Three Beautiful Things 04/07/20: Drive Through Banking, Flat Iron Steaks, *All the President's Men*, BONUS Stu's Limerick

1. Even though I never got out of the Sube, I strapped on my mask when I headed uptown to deposit our tax refunds in our Wells Fargo account. I want to make strapping on my mask when I leave the house a routine action, a habit. When it was my turn at the the drive through and the teller and I spoke on the little monitor, I removed my mask at that moment. I thought my voice would come through more clearly if I took it off.

When I ran errands yesterday, I thought it would be my last day out for a while, but I decided to get this one transaction completed at the bank. I know I'll have another errand coming up before too long because Debbie is going to have at least one more package to be mailed.

I washed my mask by hand right away when I returned home -- another habit I'm developing.

2. Back in the ever receding past, when we lived in Eugene, I used to regularly buy flat iron steaks at the Market of Choice. Debbie and I both enjoyed that these were small steaks and we enjoyed how they tasted. When we made a beef order nearly two years ago from a local rancher, the order included a package of flat iron steaks. Today, after thawing them overnight, I finally opened the package. To my delight and surprise, the package contained four steaks. I seasoned and fried two of them this evening. Debbie roasted some potatoes and made a cabbage salad. It was a simple and tasty meal and soon we'll repeat some of it because we have two more steaks in the ice box.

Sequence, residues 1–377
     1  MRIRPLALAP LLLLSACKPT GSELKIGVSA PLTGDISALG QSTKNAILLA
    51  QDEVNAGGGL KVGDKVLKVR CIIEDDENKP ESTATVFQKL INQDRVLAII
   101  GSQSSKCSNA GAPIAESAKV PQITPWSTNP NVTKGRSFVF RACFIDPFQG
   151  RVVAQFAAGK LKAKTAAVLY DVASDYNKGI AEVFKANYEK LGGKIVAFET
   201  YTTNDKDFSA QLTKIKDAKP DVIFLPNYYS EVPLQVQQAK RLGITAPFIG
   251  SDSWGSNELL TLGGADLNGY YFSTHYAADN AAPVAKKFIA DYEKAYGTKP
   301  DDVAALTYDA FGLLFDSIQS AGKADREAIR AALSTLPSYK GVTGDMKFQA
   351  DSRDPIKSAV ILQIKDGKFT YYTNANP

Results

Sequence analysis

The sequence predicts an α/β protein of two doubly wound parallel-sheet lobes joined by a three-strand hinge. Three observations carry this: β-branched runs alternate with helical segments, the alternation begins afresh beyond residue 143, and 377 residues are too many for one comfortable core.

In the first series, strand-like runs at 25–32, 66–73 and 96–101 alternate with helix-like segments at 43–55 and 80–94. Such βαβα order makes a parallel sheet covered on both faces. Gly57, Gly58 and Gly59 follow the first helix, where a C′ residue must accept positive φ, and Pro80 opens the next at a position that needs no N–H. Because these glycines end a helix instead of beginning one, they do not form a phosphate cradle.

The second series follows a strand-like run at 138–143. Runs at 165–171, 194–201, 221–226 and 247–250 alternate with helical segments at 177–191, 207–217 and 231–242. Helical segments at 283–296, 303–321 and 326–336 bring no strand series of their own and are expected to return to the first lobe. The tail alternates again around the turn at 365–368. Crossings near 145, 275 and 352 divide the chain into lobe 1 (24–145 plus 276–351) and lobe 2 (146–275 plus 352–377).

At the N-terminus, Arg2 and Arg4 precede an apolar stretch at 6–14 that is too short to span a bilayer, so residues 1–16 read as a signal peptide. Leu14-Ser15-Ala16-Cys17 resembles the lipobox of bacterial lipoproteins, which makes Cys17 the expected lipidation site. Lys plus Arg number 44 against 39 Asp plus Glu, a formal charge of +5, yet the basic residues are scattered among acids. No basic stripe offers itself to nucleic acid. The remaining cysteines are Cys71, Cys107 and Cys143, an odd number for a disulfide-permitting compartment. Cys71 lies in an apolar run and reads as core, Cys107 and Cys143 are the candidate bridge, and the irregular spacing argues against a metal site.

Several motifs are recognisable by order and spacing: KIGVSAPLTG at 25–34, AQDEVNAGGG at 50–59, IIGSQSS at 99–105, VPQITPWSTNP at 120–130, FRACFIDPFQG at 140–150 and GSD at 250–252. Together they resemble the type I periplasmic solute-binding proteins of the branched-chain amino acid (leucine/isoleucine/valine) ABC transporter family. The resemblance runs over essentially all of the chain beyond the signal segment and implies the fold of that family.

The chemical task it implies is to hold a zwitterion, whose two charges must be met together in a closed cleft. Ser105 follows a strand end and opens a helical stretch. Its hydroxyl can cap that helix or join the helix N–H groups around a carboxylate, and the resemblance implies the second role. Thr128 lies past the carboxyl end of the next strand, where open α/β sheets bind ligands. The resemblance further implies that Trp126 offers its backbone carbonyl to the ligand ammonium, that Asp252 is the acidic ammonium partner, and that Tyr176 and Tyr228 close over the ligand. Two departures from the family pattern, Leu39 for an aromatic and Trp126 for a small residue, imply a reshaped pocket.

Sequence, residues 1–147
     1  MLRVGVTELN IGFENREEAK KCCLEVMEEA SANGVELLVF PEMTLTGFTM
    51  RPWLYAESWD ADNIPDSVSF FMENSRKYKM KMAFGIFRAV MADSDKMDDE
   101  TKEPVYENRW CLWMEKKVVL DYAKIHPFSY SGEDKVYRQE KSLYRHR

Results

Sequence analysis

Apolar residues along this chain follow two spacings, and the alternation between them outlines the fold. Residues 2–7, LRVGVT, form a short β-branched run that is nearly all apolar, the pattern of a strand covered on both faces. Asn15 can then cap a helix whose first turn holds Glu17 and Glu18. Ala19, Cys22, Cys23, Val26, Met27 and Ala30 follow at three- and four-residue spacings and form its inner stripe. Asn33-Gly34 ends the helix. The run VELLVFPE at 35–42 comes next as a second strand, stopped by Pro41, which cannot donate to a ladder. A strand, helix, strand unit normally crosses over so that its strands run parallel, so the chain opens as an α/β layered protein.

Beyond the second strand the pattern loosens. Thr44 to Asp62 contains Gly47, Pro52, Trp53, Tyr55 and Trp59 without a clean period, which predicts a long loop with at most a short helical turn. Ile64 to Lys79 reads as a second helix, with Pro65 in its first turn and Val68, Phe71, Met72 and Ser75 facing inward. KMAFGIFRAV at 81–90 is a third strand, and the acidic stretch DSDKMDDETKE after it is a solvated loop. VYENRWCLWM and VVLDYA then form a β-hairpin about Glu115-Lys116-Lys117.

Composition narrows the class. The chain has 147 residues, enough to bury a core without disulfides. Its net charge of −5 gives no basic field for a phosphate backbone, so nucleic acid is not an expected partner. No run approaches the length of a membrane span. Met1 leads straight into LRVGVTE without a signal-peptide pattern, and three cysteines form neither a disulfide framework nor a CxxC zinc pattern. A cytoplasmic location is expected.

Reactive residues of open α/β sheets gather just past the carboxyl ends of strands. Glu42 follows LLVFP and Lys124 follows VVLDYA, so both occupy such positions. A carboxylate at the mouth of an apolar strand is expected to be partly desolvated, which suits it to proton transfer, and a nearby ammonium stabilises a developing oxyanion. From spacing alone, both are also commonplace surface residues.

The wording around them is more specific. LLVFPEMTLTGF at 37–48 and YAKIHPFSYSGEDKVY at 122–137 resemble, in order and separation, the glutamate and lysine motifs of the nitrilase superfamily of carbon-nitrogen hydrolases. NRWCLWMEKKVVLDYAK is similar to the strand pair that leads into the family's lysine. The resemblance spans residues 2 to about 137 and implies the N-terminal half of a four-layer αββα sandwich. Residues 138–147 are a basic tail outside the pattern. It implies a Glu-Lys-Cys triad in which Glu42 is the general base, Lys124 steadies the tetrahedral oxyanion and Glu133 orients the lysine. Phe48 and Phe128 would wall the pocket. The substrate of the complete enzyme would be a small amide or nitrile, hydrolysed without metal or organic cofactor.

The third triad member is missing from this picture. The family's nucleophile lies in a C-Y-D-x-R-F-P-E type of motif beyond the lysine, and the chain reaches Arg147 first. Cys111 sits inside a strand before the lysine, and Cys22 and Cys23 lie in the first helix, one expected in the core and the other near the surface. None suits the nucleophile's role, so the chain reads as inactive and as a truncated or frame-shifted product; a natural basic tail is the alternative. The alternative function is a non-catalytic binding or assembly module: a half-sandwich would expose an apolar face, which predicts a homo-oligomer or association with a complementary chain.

3. Debbie and I were watching an episode of Law and Order that featured Jane Alexander and said something about how much I loved her work, especially in All the President's Men. There was a pause. Then I wondered if Debbie would mind if we bagged Law and Order and watched All the President's Men instead.

"That's a great idea!"

It was awesome. So many aspects of this movie give me pleasure every time I see it: the location shots in Washington, D. C., the ensemble cast and the great work of every actor, the storytelling, the pace and suspense of the movie, all those rotary dial telephones(!), the writing -- I enjoy this movie as much as any I've ever seen. It kept me up later than usual and, although I was ready to hit the hay when it was over, I felt some urgings to go back to the beginning and watch it all again.